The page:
2009 F800GS ABS Screw

Discussion in 'Parallel Universe' started by JRW50, Aug 10, 2013.

  1. JRW50

    JRW50 n00b

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    So I stupidly broke my front ABS sensor screw by over-tightening it after installing my front tire. It snapped in half and I still need to get it out somehow.
    Does anyone know what size of screw fits the sensor? I ride a 2009 F800GS. In the mean time is there any issue with riding with the sensor pulled back out of the way in a secure position?
    Thanks.
    #1
  2. Reaver

    Reaver Why am I still here?

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    What? No one loves you? Two days without a reply? Poor n00b. Good thing Loutre didn't smell you. He likes n00b bashing.

    Anyway, use a parts fiche site like A&S which gives you this: http://www.ascycles.com/Illustrated...es&bindName=FRONT_WHEEL_BRAKE&bindCat=34_1665

    #12 shows a M6x16 Fillister head bolt.

    Since it broke from overtorque, it should be fairly loose now that the head is gone. You'll have to learn how to use an easy-out or similar type of broken screw extractor. It'll involve drilling the screw and hammering in an extractor without damaging the original thread. Not a big deal really.

    The front sensor gives you the speedo signal so just tape or cable tie it in place for now. Otherwise you'll get the flashing red triangle and your ABS will be disabled. Brakes will still work fine, just no ABS function.

    Sounds like Santa should bring you a torque wrench.....:lol3
    #2
  3. Reaver

    Reaver Why am I still here?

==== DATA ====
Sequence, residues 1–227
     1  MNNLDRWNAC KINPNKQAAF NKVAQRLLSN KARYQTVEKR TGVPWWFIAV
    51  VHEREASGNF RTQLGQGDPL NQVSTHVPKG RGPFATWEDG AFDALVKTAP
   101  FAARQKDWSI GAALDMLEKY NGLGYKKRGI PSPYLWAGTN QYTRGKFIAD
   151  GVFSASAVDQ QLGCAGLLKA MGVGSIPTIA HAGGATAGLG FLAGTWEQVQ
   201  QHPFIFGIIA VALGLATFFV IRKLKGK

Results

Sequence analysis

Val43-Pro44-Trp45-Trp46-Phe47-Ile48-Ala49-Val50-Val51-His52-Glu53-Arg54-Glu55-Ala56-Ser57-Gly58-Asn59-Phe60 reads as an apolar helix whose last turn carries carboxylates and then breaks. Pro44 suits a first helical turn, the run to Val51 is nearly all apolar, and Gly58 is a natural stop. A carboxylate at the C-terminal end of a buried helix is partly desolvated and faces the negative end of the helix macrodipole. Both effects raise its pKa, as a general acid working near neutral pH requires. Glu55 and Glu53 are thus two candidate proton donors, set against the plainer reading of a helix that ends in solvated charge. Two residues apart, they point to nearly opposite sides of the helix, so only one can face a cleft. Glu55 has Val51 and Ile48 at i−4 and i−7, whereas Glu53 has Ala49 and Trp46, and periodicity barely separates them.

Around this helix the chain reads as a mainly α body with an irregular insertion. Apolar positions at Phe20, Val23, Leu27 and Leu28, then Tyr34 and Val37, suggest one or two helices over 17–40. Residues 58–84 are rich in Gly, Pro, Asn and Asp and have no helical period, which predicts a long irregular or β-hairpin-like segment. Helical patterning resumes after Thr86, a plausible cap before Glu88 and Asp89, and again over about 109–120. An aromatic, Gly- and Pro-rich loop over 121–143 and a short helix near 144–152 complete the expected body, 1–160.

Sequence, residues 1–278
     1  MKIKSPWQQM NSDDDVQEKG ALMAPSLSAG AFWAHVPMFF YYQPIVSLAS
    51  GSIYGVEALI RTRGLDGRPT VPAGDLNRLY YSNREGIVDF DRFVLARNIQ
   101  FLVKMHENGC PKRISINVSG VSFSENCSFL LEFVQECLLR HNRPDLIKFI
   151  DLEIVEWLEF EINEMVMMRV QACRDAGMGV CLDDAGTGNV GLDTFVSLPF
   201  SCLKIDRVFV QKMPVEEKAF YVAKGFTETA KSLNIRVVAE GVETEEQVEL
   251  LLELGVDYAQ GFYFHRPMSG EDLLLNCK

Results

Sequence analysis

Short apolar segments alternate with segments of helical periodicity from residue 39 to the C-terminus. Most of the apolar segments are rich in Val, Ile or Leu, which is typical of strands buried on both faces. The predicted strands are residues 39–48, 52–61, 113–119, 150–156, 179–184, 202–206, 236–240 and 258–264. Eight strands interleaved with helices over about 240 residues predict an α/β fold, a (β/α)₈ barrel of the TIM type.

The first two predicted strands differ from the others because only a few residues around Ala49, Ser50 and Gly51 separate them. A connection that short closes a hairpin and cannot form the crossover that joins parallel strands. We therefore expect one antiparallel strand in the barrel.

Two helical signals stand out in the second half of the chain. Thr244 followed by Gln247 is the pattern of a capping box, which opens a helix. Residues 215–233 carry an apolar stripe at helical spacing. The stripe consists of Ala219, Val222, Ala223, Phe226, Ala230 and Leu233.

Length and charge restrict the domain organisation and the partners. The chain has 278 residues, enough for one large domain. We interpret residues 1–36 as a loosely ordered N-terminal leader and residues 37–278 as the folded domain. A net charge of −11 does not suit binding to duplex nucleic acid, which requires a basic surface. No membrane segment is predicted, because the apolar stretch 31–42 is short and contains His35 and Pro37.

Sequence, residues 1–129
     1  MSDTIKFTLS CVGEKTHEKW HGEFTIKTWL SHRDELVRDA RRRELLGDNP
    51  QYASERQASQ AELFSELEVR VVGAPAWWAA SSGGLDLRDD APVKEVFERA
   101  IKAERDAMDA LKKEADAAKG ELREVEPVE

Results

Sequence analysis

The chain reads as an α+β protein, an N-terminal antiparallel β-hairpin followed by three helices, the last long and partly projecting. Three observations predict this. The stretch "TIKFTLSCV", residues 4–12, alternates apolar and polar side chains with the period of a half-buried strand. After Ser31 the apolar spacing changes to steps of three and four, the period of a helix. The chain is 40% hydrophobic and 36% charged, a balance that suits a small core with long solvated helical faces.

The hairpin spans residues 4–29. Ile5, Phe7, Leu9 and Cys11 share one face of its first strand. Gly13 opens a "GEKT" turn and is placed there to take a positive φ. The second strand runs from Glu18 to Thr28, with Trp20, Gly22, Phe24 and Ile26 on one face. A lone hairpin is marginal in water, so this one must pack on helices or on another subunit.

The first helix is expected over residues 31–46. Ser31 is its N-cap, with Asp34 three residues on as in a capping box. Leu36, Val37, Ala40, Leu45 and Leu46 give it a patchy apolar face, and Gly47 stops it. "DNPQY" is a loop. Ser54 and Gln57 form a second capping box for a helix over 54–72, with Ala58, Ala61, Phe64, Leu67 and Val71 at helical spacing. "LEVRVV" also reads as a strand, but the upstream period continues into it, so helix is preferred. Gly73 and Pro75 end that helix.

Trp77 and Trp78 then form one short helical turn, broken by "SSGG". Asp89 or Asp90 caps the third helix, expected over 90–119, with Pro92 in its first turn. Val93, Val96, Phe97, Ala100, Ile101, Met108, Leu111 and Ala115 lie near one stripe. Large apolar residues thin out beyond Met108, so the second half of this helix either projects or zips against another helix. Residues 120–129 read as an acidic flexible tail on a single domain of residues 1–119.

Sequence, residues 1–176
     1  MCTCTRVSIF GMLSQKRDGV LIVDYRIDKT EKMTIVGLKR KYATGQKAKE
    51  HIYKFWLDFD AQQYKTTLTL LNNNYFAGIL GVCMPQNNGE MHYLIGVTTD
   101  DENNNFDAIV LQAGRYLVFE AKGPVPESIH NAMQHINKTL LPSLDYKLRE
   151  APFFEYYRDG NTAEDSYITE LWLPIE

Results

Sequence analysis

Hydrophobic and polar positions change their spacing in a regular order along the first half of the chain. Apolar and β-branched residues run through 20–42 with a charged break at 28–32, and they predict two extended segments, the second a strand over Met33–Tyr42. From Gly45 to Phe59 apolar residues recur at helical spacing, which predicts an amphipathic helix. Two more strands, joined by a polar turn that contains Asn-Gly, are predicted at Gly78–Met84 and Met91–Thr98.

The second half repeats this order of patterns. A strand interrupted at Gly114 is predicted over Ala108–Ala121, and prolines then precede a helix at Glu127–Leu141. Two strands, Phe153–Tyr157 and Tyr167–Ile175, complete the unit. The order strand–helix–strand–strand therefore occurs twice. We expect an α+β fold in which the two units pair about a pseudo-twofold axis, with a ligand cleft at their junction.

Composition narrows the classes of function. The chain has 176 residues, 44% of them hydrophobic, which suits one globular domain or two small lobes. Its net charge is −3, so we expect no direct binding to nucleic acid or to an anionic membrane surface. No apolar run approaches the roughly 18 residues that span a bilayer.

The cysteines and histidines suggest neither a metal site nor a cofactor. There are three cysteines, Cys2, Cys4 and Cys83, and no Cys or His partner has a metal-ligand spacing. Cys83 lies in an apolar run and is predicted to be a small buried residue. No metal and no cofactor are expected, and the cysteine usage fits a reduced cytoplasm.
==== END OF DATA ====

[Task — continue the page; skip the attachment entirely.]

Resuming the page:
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    Oh, and this is a Global forum. Fill in your location. At least your Country.
    #3
  4. tah1800

    tah1800 Long timer

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    And that avatar really is Reavers portrait.....
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  5. Reaver

    Reaver Why am I still here?

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    Shaddup.

    You are what you eat.

    Science FACT.
    #5
  6. MikeMike

    MikeMike Long timer

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    Before getting out the drill and easy-outs, see if there is a little bit of the fracture point that is sitting above the entry point. You can can often catch it with the edge of a smaller but solid jeweller's screwdriver and gently tap it on an angle appropriate it for it to come out.
    Try the easy option first before the drill/easy-out method. Especially if you have never done that before.
    Try to remember that torque specs are for a reason, and that you don't have to tighten everything down to the point of stripping threads. Spark plugs are good examples. The rear axle nut is an example of needing heavier torque, but the front axle clamp bolt is an example of light torque.
    If you have a bike with the hex bit type oil drain plug, be really careful with that one. Also, if you are new to torque wrenches, buy a good one and maintain it, you'll have it for years.
    #6